WASHINGTON—Members and staff of the U.S. Tire Manufacturers Association met with officials of the U.S. Environmental Protection Agency in Research Triangle Park, N.C., in October to assist with the agency's residual risk and technology review of air emissions from tire manufacturing facilities, the USTMA said.
The Nov. 2 release on the USTMA-EPA meeting came the day after an article by Sarah Amick, USTMA vice president, environment, health, safety & sustainability and senior counsel, touting the USTMA's record on sustainability and environmental progress.
The EPA plans to issue a proposed rule on hazardous air pollution emissions from tire facilities by 2018, with a final rule by 2020, the USTMA said.
USTMA members and staff helped EPA officials review data provided by the tire industry and told them about the extensive work USTMA members have done voluntarily to collect emissions data from their facilities, the association said.
"USTMA is committed to working collaboratively with the agency to provide industry information to assist the agency in completing its review," it said.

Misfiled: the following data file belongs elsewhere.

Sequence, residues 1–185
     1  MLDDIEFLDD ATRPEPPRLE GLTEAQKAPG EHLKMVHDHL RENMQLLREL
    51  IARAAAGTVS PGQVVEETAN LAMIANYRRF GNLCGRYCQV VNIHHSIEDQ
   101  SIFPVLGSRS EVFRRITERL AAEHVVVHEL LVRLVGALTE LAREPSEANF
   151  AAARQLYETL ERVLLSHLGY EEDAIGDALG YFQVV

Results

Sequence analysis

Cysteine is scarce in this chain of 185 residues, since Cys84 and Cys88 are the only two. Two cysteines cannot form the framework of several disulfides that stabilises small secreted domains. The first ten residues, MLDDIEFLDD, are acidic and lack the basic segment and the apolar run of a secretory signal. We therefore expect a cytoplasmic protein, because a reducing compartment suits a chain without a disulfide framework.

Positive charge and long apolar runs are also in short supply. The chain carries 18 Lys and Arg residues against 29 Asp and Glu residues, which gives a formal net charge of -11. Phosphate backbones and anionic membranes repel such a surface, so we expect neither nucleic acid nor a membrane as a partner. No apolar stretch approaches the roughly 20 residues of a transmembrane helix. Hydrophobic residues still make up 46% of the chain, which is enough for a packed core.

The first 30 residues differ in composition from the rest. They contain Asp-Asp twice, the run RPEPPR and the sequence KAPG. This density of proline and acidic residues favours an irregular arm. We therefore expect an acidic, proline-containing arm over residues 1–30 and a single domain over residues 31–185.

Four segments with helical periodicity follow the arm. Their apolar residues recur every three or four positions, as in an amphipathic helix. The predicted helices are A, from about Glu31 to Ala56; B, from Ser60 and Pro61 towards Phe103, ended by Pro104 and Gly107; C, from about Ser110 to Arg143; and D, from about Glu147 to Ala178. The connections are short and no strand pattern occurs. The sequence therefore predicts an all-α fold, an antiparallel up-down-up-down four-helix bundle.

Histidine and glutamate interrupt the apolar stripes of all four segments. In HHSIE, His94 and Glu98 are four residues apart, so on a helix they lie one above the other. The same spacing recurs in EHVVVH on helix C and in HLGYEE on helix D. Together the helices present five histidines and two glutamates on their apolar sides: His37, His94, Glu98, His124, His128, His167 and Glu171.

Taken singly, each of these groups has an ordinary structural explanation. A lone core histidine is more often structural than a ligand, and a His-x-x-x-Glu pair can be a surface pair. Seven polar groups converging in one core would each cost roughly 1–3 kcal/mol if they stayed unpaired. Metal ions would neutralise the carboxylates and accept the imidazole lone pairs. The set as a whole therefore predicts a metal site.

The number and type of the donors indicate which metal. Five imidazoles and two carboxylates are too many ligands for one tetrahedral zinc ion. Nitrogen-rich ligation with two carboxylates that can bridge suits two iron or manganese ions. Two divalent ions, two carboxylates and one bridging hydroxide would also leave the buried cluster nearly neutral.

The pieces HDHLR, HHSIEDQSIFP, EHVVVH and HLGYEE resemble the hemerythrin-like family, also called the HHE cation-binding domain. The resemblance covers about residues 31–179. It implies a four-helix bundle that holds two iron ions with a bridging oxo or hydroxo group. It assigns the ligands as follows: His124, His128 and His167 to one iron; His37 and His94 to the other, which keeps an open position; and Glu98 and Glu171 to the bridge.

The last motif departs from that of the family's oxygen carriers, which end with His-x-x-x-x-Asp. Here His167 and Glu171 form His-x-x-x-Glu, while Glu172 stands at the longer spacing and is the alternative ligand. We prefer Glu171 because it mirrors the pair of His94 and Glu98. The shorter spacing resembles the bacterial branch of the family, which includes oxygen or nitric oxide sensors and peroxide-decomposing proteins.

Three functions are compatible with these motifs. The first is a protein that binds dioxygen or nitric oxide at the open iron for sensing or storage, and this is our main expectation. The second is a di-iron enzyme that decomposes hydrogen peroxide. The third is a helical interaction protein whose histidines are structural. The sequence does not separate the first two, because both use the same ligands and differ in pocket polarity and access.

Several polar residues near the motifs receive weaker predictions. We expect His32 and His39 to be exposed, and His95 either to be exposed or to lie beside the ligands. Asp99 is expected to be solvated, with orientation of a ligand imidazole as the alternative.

The USTMA and its members continue to emphasize corporate sustainability despite current deregulatory policies in Washington, Amick said in her article.
"Corporate sustainability initiatives spark innovation and environmental progress as sustainability requires companies to go beyond ordinary compliance with the law," she wrote. "For the U.S. tire manufacturing industry, sustainability is a driving force."
The USTMA's leadership in reducing scrap tire stockpiles by 93 percent—to 67 million in 2015 from more than 1 billion in 1990—is a hallmark of the association's sustainability and environmental efforts, according to Amick.
Also, all USTMA members participate in the World Business Council for Sustainable Development's Tire Industry Project, which works to identify and address the potential health and environmental impacts of materials associated with tire manufacturing and use, she said.
"USTMA member companies continue to grow their commitments by embedding sustainability principles into their core business," Amick said.
"In addition to individual company efforts, USTMA members are hard at work to develop a shared sustainability vision for the future that encompasses product performance and innovation, tire materials, environmental stewardship, scrap tires, worker safety and corporate citizenship," she said.